Modulation of Mannose levels in N-linked glycosylation through cell culture process conditions in order to increase ADCC activity for an antibody Biosimilar

Conference Dates

May 6-11, 2018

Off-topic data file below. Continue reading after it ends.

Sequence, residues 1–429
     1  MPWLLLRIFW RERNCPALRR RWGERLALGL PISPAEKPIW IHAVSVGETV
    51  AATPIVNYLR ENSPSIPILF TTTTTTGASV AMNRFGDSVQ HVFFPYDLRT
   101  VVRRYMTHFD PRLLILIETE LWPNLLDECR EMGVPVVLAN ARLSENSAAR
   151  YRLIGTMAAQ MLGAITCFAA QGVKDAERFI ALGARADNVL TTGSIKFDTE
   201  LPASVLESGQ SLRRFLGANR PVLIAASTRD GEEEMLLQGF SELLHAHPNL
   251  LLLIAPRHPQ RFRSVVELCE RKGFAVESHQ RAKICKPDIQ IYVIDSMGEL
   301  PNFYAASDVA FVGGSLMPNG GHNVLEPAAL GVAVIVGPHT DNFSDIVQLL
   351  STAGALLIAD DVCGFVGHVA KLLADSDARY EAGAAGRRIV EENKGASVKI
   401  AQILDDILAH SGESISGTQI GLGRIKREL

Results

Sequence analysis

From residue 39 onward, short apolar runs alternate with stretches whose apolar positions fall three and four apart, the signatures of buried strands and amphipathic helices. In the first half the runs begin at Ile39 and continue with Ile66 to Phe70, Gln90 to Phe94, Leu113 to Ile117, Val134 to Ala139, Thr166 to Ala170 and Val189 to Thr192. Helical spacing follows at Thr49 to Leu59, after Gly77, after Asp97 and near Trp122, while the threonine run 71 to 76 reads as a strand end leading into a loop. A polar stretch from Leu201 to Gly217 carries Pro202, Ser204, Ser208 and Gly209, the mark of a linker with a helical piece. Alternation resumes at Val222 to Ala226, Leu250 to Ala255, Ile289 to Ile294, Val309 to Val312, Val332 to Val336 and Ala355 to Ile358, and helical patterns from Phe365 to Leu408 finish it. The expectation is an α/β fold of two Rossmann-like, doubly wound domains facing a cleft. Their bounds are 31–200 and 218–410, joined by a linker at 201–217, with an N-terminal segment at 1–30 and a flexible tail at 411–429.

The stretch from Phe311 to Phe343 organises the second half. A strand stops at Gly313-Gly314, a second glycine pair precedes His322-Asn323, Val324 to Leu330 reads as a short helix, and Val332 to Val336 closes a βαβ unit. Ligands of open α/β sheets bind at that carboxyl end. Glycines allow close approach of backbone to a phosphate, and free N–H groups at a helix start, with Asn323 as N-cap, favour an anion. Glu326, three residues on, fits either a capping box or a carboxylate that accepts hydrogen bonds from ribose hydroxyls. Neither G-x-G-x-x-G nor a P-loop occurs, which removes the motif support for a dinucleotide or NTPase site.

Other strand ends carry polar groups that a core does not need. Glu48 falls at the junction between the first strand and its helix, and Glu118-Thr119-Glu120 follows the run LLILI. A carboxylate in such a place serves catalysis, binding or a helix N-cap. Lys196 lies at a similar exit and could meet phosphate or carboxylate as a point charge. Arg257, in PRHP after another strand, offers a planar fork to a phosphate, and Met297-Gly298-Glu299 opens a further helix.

Glycosylation of recombinant proteins is one of the key product quality attribute that is closely monitored throughout the development life cycle of the biologic starting from cell line development to process development and commercial manufacturing. Glycosylation profiles of the recombinant proteins can be influenced by cell line, cell culture media components, and cell culture process parameters. Glycosylation often plays a critical role in biological activity, efficacy and stability of recombinant protein therapeutics. Specifically, glycosylation has been associated with serum half-life of the product as well as the immunogenicity of the molecule. In addition, the glycoform make-up of the molecule can influence effector function activities such as antibody dependent cell cytotoxicity (ADCC) and complement dependent cytotoxicity (CDC) of the molecule. In this study, we describe our efforts to modulate N-glycan profile for a CHO cell line producing IgG biosimilar to match the innovator molecule product quality profile. After the initial process development efforts, the ADCC activity of the biosimilar was observed to be lower than the original innovator molecule. The decrease in ADCC activity was attributed to lower levels of mannose content in comparison to the innovator molecule. An extensive screening study was conducted to investigate several factors that are known to modulate mannose content in the N-glycan of the protein.1 The factors tested included modifying cell culture process parameters such as osmolality, glutamine levels, temperature and pH, supplementing feed with alternate sugars and amino sugars (mannose, fructose, glucosamine and galactosamine), changing intracellular pH using ammonium chloride and addition of small molecule ionophores like monensin (a sodium-hydrogen ionophore capable of integrating into biological membranes and thus disturbing sodium-hydrogen gradients across those membranes). All these conditions demonstrated different levels of regulation in total mannose level, however, the supplementation of feed medium with alternate sugars and amino sugars was the most viable process means to independently alter glycosylation while maintaining other aspects of product quality, cell growth and productivity. The results from this screening study were further optimized using a response surface DOE bioreactor study. Significant increase in mannose levels was observed with respect to the control condition. The increase in ADCC activity was observed with increasing level of mannose and comparable ADCC activity to the innovator was achieved. However, a scale based effect was observed during scale-up of the process. Upon investigation, it was observed that the combination of sugar/amino sugar supplementation levels interacted with absolute osmolality levels which varied slightly between scales and in turn dictated absolute level of increase in N-glycan mannose content. Additional studies were performed in the established scale-down model, 3L bench-top bioreactor, to confirm the optimized process. The results from these studies will be used to collectively present a model based on sugar/amino sugar concentrations and osmolality to predictively increase mannose content in glycosylated proteins.

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